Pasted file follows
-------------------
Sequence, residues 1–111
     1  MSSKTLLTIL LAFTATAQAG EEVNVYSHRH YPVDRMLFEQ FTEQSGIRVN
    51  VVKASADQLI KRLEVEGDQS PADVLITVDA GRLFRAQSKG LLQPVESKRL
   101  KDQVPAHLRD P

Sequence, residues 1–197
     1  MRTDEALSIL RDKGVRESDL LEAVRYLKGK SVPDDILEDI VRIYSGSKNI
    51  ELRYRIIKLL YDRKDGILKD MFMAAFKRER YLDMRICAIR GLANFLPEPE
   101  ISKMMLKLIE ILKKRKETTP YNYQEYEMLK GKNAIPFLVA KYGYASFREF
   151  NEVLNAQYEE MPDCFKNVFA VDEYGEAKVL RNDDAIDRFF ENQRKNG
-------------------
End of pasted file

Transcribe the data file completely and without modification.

Sequence, residues 1–111
     1  MSSKTLLTIL LAFTATAQAG EEVNVYSHRH YPVDRMLFEQ FTEQSGIRVN
    51  VVKASADQLI KRLEVEGDQS PADVLITVDA GRLFRAQSKG LLQPVESKRL
   101  KDQVPAHLRD P

Sequence, residues 1–197
     1  MRTDEALSIL RDKGVRESDL LEAVRYLKGK SVPDDILEDI VRIYSGSKNI
    51  ELRYRIIKLL YDRKDGILKD MFMAAFKRER YLDMRICAIR GLANFLPEPE
   101  ISKMMLKLIE ILKKRKETTP YNYQEYEMLK GKNAIPFLVA KYGYASFREF
   151  NEVLNAQYEE MPDCFKNVFA VDEYGEAKVL RNDDAIDRFF ENQRKNG